When can I start pointe work? – is a question that dance teachers often struggle to answer when asked it by their students. Is it as simple as a single age or a certain amount of time spent in ballet training? Approaches to when students might begin pointe work have changed considerably since the 1920s and 1930s when children as young as four or five years old were put en pointe.
But even back then concerns were raised about this practice. An article in 1931 by Doreen Cleare in The Dancer from BBO warns of the danger of faulty technique and pushing children into pointe work too soon. She flagged up the need for careful preliminary strengthening of the muscles of the foot and that the whole leg needs to be turned out and not the foot alone. Some 30 years later the author of Anatomy and Ballet, Celia Sparger (1965, p 74) also draws attention to the perils of early pointe work saying that although the danger is recognised it was still possible at that time to buy pointe shoes for a six-year old. She also stressed that pointe work is the end result of a slow and gradual training of the whole body and that the moment when a student is ready for pointe work is different for different children.
Thankfully, today’s guidelines (2009) from IADMS (International Association for Dance Medicine & Science) recommend that pointe work is not started before the age of 12, and then only after careful evaluation of the student’s physical development, alignment and strength and flexibility of her feet. Where the student is anatomically sound and has the required core stability, is taking a minimum of two ballet classes per week and has been training for sufficient time and is considered to be truly pre-professional then pointe work may commence. So clearly a very different approach to putting students en point in the early 20th Century.
Tests to assess pointe readiness
A very useful tool for dance teachers considering putting students en pointe is Richardson & Liederbach’s Functional Criteria for Assessing Pointe Readiness published recently as a teacher resource by IADMS. The authors draw attention to the difficulties of using age alone as the criteria and put forward three tests to help teachers to assess the dancer’s ability to maintain neutral alignment and centre of mass over their base of support when doing complex movement. This is clearly what the dancer needs to be able to do when dancing en pointe.
Topple Test: this test focuses on the ability of the dancer to control her vertical trunk and landing of a single pirouette en dehors from 4th with the working ro gesture leg in full retiré. In this test you are looking for the ability to control the ‘toppling effect’.
Airplane Test: this test is demanding requiring four out of five pliés performed in a forward airplane position (trunk pitched forward parallel to floor, one leg extended to the back and the pelvis square to the floor, arms out to sides parallel to floor) to maintain neutral lower extremity alignment – knees over the centre of the foot; maintaining a level pelvis, the foot, back and head in one line and no foot pronation (rolling in). As the dancer does the plié the arms are lowered so that the finger tips touch the floor beside the toes of the supporting leg. You can see from the second page of the paper below the airplane start and finish position. I will put the paper on a link at the bottom of the third test so you can read the two-page paper in full.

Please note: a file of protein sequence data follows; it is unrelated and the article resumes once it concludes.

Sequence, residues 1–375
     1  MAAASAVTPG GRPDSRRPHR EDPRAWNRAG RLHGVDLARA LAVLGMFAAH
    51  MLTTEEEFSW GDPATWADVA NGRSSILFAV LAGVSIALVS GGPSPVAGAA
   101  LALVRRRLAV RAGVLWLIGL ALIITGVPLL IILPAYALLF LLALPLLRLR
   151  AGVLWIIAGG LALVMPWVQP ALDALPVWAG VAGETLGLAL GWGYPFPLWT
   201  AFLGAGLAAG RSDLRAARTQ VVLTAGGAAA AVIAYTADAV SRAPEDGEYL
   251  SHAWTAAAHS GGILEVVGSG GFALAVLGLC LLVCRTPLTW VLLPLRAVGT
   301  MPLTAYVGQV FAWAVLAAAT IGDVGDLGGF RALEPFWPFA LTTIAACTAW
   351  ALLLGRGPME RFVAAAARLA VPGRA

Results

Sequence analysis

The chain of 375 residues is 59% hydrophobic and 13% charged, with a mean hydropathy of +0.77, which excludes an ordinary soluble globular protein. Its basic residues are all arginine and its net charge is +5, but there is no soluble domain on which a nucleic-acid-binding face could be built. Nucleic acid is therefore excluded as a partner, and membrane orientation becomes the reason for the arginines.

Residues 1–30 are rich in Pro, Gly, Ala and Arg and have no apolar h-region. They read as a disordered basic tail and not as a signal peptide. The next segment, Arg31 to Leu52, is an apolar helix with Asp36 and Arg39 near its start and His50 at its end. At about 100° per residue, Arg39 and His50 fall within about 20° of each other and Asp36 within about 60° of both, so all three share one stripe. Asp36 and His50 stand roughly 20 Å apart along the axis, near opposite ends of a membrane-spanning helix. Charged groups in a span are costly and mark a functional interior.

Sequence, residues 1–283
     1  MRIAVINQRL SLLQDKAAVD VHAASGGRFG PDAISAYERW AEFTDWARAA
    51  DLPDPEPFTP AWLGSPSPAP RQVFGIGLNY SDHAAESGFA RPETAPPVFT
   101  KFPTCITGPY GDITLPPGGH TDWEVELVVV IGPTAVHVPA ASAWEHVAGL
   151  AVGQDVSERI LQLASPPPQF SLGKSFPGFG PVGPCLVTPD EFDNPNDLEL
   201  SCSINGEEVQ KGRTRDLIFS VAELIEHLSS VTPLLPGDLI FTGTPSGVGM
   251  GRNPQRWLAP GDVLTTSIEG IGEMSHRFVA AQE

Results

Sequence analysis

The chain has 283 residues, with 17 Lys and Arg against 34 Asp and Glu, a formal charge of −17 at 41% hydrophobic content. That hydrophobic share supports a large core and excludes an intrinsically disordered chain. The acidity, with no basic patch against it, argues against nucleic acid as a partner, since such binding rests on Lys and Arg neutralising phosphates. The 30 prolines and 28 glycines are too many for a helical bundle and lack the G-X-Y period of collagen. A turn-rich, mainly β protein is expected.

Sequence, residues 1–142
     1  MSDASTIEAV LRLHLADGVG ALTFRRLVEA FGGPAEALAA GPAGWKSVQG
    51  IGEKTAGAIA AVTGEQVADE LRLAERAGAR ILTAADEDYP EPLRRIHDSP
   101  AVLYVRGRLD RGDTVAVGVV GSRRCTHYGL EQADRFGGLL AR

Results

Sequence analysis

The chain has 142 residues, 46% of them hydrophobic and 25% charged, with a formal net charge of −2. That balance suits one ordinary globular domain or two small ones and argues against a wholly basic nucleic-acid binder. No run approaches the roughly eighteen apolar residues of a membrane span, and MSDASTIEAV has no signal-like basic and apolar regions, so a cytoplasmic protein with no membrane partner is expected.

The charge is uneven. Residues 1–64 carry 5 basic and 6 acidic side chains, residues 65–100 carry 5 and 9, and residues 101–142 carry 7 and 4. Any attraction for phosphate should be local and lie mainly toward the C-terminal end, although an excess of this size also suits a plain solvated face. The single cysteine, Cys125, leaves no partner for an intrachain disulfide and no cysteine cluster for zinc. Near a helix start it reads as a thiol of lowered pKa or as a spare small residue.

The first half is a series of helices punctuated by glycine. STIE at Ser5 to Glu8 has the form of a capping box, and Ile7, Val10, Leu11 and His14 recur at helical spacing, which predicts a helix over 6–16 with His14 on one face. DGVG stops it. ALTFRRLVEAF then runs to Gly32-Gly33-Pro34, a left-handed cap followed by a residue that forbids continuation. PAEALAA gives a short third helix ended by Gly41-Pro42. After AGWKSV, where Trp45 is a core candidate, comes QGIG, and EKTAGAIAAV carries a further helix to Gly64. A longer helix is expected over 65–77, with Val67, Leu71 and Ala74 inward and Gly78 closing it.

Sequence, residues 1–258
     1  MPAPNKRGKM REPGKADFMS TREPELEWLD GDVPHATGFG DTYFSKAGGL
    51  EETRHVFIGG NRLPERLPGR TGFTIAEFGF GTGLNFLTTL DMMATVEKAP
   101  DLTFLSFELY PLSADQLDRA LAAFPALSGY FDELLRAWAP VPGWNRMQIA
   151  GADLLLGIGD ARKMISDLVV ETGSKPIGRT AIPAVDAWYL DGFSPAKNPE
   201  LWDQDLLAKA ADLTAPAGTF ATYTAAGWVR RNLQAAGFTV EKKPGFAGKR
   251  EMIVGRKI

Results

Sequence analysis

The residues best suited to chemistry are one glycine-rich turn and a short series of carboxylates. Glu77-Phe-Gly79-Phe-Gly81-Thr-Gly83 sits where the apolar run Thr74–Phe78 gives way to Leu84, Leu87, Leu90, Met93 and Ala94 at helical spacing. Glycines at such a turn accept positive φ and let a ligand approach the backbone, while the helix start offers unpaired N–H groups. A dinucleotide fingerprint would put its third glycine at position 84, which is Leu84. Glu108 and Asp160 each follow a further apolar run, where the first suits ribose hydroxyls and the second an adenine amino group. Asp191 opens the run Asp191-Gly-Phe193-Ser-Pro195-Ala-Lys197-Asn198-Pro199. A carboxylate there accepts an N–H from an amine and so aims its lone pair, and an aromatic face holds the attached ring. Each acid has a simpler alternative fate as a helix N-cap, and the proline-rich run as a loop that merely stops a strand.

Single-leg Sauté Test: this consists of 16 (yes 16) consecutive single-leg sauté jumps. Again it is about maintaining a neutral pelvis with an upright, stable trunk and neutral lower extremity alignment. A toe-heel landing each time and a full extended knee and pointed foot when in the air. The pass criterion is defined as requiring at least 8 of the 16 jumps being properly executed.
As the authors point out, no single test or screening for pointe readiness is foolproof but having seen a wonderful lecture given by one of the authors, Megan Richardson about these tests at the one of the IADMS conferences, I can say that the anatomical demands were clear and really demonstrated the level of control and ability required by dancers looking to begin pointe work.
Download the paper: Functional Criteria for Assessing Pointe Readiness – I fully recommend that you download and read it if you teach students doing or wanting to progress to pointe work.
Don’t forget you can explore various dance teaching issues by taking short online CPD for Dance Teachers courses.
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